Re: In Defense Of Dan O'Brien
D-Man, I agree IP are valuable. I got sold on the concept back in 1986 after the Cardinals lost Joaquin Andujar, but I think the Reds overpaid with Lidle, who's offered nothing beyond the IP. Had you just wanted IP you could have paid $1M for Jeff Suppan (who's pitched more IP than Lidle every season of their lives).
If the Reds had three good pitchers and $2.75M to blow on Lidle's IP for the cause of keeping the pen stable then I wouldn't have a problem with that. Unfortunately that's not the model they've got. They needed to find a keeper with that money. One of the great sins of the Lidle signing, to me at least, is it put off that search another year.
IMO, Lidle's fish nor fowl in the Koufax/Sutton debate. Lidle's never going to have a great year. In fact, the Dr. Cory & Mr. Lidle act this season has pretty much prevented him from even having great weeks. The ability to toss six really good games a year with 15 stinkbombs and 12 good-to-mediocre offerings thrown in shouldn't impress much of anybody. Almost every pitcher can give you six really good games a year. So I don't see where Lidle's doing anything all that special. For comparison, Ron Villone did it in 1999 and he pitched far better in his "off" starts as well.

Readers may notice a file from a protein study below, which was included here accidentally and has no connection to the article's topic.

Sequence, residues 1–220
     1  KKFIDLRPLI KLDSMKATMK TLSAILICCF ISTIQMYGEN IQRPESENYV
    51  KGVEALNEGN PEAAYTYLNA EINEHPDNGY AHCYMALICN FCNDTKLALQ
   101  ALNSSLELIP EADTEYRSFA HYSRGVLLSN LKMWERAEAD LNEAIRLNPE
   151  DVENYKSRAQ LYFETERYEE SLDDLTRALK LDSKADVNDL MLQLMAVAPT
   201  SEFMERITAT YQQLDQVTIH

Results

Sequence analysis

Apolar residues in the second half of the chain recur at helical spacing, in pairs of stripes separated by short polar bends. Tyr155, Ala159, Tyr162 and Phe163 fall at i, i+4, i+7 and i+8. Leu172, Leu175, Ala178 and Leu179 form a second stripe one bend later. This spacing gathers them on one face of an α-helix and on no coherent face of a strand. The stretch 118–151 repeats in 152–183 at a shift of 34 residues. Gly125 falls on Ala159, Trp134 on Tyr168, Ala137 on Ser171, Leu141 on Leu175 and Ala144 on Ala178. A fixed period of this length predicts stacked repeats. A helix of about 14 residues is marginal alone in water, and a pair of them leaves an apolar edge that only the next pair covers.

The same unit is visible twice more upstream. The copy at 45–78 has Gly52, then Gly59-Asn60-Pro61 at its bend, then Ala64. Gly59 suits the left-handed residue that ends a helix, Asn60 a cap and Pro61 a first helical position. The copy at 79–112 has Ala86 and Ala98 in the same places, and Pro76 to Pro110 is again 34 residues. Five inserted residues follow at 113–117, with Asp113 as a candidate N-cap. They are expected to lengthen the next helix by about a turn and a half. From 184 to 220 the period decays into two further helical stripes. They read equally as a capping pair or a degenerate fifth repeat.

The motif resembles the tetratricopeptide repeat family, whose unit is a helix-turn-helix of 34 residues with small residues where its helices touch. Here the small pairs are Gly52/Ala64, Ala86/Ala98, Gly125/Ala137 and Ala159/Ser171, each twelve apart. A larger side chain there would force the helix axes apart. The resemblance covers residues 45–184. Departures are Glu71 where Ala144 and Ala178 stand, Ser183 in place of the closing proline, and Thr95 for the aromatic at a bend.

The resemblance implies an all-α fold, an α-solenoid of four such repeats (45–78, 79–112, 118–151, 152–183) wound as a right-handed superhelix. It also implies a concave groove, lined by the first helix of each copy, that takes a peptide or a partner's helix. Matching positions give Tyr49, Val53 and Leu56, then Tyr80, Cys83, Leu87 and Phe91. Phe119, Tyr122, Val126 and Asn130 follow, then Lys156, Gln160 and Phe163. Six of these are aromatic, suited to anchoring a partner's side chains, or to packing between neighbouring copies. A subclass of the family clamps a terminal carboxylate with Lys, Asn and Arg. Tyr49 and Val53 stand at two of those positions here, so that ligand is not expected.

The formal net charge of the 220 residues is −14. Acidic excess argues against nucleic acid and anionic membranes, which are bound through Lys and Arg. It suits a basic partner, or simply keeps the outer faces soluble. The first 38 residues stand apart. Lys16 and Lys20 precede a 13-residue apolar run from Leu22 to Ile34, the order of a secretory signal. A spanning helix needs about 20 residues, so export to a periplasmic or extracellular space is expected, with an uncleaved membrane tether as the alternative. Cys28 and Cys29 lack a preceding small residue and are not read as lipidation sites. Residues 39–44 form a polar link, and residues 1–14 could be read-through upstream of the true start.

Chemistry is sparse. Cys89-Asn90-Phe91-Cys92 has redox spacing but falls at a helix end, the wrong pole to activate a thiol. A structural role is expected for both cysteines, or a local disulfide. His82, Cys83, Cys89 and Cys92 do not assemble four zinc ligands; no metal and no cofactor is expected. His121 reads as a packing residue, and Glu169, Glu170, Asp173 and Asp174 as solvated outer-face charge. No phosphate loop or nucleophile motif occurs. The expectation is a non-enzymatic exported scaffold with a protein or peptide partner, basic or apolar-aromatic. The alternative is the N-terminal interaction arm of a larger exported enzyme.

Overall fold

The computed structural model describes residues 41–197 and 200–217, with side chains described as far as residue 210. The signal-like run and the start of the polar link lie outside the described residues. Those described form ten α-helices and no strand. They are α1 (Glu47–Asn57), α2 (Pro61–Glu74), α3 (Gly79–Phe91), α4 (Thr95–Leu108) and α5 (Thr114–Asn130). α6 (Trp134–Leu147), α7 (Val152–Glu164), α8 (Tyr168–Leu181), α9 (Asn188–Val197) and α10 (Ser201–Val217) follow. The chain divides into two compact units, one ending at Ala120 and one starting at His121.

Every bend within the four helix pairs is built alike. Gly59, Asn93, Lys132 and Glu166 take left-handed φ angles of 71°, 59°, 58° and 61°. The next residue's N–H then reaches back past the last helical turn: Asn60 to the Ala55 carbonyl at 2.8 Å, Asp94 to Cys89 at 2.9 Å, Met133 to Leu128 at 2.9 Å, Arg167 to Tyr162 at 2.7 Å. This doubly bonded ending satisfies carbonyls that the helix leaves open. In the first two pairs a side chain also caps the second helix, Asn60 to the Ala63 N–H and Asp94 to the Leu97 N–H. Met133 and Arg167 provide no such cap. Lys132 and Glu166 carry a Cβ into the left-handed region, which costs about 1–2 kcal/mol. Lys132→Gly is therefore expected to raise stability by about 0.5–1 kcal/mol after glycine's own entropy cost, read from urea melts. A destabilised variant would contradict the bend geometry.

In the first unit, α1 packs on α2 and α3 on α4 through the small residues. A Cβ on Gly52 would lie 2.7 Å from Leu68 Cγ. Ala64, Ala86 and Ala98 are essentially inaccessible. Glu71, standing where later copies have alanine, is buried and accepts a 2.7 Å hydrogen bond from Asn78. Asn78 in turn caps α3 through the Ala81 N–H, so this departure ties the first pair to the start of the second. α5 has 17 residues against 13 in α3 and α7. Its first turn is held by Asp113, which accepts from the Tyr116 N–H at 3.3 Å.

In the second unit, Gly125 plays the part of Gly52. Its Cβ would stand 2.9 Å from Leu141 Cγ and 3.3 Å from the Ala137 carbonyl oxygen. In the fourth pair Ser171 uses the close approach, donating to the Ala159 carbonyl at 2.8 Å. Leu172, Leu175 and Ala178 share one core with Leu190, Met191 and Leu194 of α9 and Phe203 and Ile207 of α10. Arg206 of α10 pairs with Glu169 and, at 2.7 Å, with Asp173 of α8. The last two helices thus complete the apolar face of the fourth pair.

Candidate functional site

And, though I haven't cataloged it, everytime I've looked at team W-L records in games where they've allowed a lot of runs, the winning percentages are frightfully low. I believe it's axiomatic in both the old school and number crunching communities that the easiest way to lose a game is to allow a lot of runs. It's no coincidence that above-.500 teams generally have better-than-average team ERAs and that bottom-quarter ERA clubs (barring a few exceptions with the Rockies, who play in a parallel universe) always have losing records. Certainly no team I can find has been able to pitch as poorly as Lidle for a season and overcome it with spot quality.
Baseball isn't a magic trick ... it doesn't get spoiled if you figure out how it works. - gonelong
I'm witchcrafting everybody.